Among the various items used to build the Mishkan, the verse tells us that our ancestors used something called “tachash skins” for the outer covering of the Mishkan and as a slipcover for the holy vessels while they traveled in the desert.1 The exact identity of the tachash has been a matter of great speculation.

Possibly Used for Footwear

The only other time that Scripture mentions tachash is in Ezekiel, where G‑d says that after the Exodus, “I clothed you with embroidered garments, and I shod you with [skin of the] tachash, and I girded you with fine linen, and I covered you with silk.”2

While We Are on the Subject of the Tachash ...

It would thus seem that the tachash skin was also suitable for making shoes. Indeed, some explain that tachash skin was actually black leather.3 However, other commentaries point out that the verses in Ezekiel are metaphoric references to the Mishkan. “And I shod you with the skin of the tachash” is G‑d’s way of saying, “I placed my Mishkan, which was covered with tachash skin, to dwell among you.”4 This verse would therefore not actually indicate that the tachash was normally used for footwear.

Yet others explain that there were two different types of tachash, one that you can make shoes from and one used for the Mishkan.5

Dye or Animal

In the Jerusalem Talmud, we find three opinions regarding the tachash:

Rabbi Yehuda says: “It was taynin,6 and named for its dye.”

Rabbi Nehemiah said: “It was galaktinin.

The other rabbis said: “It was a clean [kosher] animal, and it lived in the wilderness.”7

There are differences of opinion as to what Rabbi Yehuda and Rabbi Nechemiah mean.

Rabbi David Hirschel Frankel (1704–1762) in his commentary Korban Ha’eida explains that both Rabbi Yehuda and Rabbi Nechemia held that the tachash refers to a pigment that was used to dye the goat skins, and they differ as to what color it was.8

On the other hand, Rabbi Moses Margolies (1710–1780) in his commentary Pnei Moshe explains that both Rabbi Yehuda and Rabbi Nechemia held that it was some sort of non-kosher creature, although they differ as to its identity.9 Some explain that the word galaktinin is a conjunction of the words gala xeinon, “a weasel from a foreign country.”10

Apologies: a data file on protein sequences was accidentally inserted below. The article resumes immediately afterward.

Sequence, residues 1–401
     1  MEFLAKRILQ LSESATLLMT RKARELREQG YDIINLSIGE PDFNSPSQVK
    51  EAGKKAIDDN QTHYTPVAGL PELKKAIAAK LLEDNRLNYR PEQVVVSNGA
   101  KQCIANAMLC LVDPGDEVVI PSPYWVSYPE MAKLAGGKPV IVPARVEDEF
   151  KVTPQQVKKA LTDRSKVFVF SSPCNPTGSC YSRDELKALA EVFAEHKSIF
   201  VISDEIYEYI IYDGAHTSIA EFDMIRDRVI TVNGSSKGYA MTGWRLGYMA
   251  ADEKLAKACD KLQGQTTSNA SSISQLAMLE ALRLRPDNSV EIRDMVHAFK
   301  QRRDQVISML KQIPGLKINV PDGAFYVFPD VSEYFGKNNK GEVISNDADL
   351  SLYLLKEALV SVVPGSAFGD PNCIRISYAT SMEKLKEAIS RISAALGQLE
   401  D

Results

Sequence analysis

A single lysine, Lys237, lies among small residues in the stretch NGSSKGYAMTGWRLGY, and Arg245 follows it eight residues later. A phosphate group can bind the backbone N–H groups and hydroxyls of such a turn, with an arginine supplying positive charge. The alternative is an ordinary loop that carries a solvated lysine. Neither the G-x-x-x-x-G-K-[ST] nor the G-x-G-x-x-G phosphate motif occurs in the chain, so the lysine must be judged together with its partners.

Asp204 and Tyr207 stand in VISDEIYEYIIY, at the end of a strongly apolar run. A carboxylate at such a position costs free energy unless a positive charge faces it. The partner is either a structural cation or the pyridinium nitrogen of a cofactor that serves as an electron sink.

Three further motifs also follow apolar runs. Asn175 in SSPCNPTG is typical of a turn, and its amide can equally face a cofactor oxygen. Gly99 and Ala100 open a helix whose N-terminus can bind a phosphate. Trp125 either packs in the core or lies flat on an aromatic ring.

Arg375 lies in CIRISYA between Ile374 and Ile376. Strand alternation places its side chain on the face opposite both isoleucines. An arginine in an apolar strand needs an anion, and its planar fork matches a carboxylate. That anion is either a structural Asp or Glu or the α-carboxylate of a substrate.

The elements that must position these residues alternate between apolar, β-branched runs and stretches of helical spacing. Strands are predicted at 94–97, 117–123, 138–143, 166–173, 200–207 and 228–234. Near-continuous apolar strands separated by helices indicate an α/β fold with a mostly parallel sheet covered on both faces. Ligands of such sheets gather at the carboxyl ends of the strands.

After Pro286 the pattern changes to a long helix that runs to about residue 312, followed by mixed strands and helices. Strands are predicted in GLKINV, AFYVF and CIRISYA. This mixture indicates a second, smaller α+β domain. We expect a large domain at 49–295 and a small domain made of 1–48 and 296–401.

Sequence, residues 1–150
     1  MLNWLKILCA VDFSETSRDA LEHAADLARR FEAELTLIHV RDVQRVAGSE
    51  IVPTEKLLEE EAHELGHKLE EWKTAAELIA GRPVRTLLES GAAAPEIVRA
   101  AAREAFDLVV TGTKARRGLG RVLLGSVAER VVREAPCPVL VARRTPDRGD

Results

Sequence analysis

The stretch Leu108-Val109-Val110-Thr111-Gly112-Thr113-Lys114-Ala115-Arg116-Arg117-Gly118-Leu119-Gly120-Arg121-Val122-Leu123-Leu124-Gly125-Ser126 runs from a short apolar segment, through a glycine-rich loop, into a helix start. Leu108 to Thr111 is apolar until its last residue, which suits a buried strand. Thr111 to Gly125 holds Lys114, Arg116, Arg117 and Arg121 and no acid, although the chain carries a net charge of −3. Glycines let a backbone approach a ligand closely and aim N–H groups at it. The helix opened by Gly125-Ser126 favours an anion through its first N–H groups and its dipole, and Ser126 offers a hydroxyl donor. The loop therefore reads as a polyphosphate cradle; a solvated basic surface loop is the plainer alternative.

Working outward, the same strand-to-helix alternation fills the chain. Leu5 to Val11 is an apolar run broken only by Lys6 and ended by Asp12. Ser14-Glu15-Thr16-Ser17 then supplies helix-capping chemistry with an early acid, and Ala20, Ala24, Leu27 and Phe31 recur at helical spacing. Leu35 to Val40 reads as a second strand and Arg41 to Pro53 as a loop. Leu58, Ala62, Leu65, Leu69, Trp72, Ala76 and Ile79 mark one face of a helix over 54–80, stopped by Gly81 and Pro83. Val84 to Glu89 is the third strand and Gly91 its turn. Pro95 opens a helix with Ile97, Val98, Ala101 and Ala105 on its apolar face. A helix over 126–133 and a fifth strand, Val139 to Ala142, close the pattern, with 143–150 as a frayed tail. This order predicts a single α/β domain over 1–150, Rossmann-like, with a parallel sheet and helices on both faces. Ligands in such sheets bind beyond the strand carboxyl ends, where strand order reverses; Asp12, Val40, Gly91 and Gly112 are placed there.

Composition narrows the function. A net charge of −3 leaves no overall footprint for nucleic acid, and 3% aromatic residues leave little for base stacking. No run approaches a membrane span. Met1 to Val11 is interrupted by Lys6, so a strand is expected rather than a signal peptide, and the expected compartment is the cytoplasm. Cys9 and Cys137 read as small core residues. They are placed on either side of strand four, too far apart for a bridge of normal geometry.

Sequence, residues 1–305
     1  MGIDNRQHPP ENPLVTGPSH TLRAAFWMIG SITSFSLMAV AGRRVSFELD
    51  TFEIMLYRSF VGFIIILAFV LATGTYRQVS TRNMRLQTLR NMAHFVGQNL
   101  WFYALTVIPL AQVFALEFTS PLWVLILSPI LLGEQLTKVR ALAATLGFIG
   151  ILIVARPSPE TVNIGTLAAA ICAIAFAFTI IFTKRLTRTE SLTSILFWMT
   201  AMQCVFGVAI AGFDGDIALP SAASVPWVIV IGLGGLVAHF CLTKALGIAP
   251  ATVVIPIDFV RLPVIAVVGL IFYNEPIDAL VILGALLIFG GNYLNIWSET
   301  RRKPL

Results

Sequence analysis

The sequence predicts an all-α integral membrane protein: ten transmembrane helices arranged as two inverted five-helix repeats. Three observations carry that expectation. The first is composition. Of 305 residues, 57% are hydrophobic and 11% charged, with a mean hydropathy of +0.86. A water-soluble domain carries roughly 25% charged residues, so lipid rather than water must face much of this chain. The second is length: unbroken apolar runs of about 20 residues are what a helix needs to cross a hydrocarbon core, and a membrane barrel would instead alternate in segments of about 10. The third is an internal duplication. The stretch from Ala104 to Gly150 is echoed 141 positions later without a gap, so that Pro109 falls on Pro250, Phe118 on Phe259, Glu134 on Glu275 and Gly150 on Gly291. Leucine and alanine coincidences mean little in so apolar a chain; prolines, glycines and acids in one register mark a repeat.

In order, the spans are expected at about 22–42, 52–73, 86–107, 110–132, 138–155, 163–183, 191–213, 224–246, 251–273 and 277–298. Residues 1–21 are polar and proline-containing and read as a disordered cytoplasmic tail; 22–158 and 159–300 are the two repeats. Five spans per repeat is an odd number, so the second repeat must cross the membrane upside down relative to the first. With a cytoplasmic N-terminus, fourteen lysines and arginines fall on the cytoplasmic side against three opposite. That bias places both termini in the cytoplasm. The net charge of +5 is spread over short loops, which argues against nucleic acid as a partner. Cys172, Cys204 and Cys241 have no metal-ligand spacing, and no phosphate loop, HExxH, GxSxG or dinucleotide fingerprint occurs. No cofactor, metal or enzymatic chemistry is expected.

Kosher Animal

The tradition of the Babylonian Talmud concurs with the third approach, that the tachash was some sort of kosher animal.11 What animal was it? In addition to the Talmud’s assertion that it was kosher, there are other clues.

A Giant, Colorful Unicorn

The Targum, the traditional Aramaic translation of the Torah, renders the tachash as sasgona. The Talmud explains that this is because it rejoices (sas) in its many colors (gevanim).12

The Midrash tells us that it was a large wild kosher animal that had a single horn (a.k.a. a unicorn), its skin was made up of six colors, and its length was 30 amot (nearly 50 ft.).13

Does It Still Exist?

According to what seems to be the majority opinion in the Midrash and Talmud (and quoted in the classic commentary Rashi), G‑d created the tachash animal specifically to be used for the Mishkan. As such, it existed during the construction of the Mishkan, but afterwards, it was “hidden” from the world.14

So will we ever see the tachash again?

Perhaps. Rabbi Moses Sofer qualifies the above tradition: The general species of animal exists, but miraculously, during the construction of the Mishkan, some of these normally non-kosher animals were created kosher.15

Others explain that this species isn’t normally found in the Sinai Desert, but it was miraculously found there when it was needed for the Mishkan.16

There is also an opinion that equates the tachash with another unknown animal called the keresh; however, the keresh existed even after the time of the construction of the Mishkan.17

So What Was It?

Many have speculated about the tachash’s identity. Some of the more popular possible candidates (which have also crept into various translations of the Bible) include ermine, badger, seal, antelope, okapi, zebra and giraffe.

It is clear that many of these possible candidates don’t quite fit with the Talmud or Midrash. And if the tachash was created exclusively for use in the Mishkan, there is really no way to identify it.

The Lubavitcher Rebbe explains that the uniqueness of the tachash is that it is the only creation that was used exclusively for holy purposes. Thus, the tachash illustrates that the ultimate purpose for all of creation is to be used only in service of G‑d. This will be fully realized with the building of the Third Temple, may it be speedily in our days!18